It was obvious to me even as a child that her house had been through tough times. Whether it was because of fierce storms or seasons of neglect, it was battered and worn-out. The wood frame was covered with some sort of material that appeared from a distance to be brick, but up close was thick slabs of gray-colored asphalt shingle, probably mixed with asbestos; the roof was rusted tin, and the whole structure tilted dramatically to one side. I had the thought “One day this raggedy old house is going to fall to the ground.”
As soon as Aunt Mae hears our car pull up, the screen door snaps open and she appears with arms stretched wide like angel wings. She runs into the fenced-in front yard, shoos away the chickens and any other critters underfoot, unlatches the rickety gate, and makes her way to us as fast as her skinny legs can travel. She gets me in her grasp, squeezes me close, and cries out, “Lord, my children are here. My children are home.”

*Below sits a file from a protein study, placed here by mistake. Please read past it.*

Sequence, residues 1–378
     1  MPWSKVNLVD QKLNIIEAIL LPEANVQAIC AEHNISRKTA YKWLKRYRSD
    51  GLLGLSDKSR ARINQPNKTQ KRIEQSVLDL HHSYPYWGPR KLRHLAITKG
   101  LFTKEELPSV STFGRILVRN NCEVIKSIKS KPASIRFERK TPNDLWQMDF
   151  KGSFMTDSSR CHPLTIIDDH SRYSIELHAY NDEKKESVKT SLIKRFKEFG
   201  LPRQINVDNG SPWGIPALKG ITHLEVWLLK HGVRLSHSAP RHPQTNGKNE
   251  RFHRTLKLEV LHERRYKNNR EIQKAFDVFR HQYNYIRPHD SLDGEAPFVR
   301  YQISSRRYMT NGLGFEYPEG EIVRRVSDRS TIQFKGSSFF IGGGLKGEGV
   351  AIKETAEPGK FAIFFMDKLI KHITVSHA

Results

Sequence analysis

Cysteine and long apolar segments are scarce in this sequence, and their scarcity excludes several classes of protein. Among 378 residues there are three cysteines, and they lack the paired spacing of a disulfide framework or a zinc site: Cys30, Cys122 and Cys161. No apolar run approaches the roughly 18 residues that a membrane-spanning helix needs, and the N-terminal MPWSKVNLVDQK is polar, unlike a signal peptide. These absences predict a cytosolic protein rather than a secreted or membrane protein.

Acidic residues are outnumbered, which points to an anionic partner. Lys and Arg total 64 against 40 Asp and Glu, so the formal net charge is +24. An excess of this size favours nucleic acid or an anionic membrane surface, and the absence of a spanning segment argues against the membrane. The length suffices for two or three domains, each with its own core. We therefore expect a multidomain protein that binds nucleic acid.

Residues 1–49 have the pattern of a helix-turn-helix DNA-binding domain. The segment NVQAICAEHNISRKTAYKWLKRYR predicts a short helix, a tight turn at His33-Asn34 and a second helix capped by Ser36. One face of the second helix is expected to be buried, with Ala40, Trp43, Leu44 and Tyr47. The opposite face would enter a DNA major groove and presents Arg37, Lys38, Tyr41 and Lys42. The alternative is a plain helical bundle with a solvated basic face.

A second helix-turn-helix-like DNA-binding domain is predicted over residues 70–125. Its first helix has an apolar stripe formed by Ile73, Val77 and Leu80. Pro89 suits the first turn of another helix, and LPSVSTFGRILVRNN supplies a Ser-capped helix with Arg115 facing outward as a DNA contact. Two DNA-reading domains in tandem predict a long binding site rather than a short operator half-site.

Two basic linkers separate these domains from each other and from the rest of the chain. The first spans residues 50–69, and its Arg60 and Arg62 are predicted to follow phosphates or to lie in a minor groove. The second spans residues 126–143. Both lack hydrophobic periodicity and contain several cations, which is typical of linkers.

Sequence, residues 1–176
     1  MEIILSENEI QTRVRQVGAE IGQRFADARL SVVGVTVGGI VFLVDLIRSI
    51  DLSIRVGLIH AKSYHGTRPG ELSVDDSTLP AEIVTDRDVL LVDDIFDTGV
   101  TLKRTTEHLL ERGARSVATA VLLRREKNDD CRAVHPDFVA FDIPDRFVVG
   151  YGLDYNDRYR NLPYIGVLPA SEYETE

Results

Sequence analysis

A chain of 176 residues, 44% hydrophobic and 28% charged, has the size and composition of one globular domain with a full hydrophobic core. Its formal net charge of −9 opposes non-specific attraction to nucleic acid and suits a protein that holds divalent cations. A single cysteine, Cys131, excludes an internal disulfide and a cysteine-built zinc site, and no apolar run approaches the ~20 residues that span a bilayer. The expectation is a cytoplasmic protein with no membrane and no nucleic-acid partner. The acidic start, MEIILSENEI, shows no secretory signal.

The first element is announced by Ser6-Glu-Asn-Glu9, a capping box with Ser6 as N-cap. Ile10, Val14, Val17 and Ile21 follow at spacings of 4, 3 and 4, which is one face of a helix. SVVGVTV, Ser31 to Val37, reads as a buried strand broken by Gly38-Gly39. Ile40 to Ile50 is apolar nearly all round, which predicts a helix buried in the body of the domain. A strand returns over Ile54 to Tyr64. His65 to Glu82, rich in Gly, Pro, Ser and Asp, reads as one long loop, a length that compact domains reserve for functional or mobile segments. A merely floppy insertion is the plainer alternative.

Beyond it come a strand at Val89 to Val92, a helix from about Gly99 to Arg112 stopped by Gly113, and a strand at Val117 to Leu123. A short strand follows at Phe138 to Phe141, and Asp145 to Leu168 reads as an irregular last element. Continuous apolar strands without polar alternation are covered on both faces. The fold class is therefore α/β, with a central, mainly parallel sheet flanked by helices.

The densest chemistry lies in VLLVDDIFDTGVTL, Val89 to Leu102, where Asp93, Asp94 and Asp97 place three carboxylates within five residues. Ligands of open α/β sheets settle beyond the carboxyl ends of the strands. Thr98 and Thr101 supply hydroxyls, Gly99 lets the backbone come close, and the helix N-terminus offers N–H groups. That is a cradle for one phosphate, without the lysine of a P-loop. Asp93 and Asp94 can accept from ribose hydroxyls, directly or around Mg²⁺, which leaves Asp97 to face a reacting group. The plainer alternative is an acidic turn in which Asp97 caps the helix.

It’s true I was big for my age, but even at ten years old, Aunt Mae still had to reach up to hold me because she was a tiny woman, maybe no more than five foot three inches, as delicate looking as a China doll. Mae was thin and exquisite with high cheekbones, brilliant gray eyes, and shoulder-length gray hair. Her face never showed a wrinkle. She looked like she was part Native American. She had an odd fashion sense. I still wonder to this day why Mae wore so many clothes even during the summer’s heat. There she is, standing under the sweltering sun, her petite frame completely covered in a long-sleeved blouse, skirt, apron, and pants, staring up at me with God’s love in her eyes and offering the healing power of touch, all under a heap of fabric.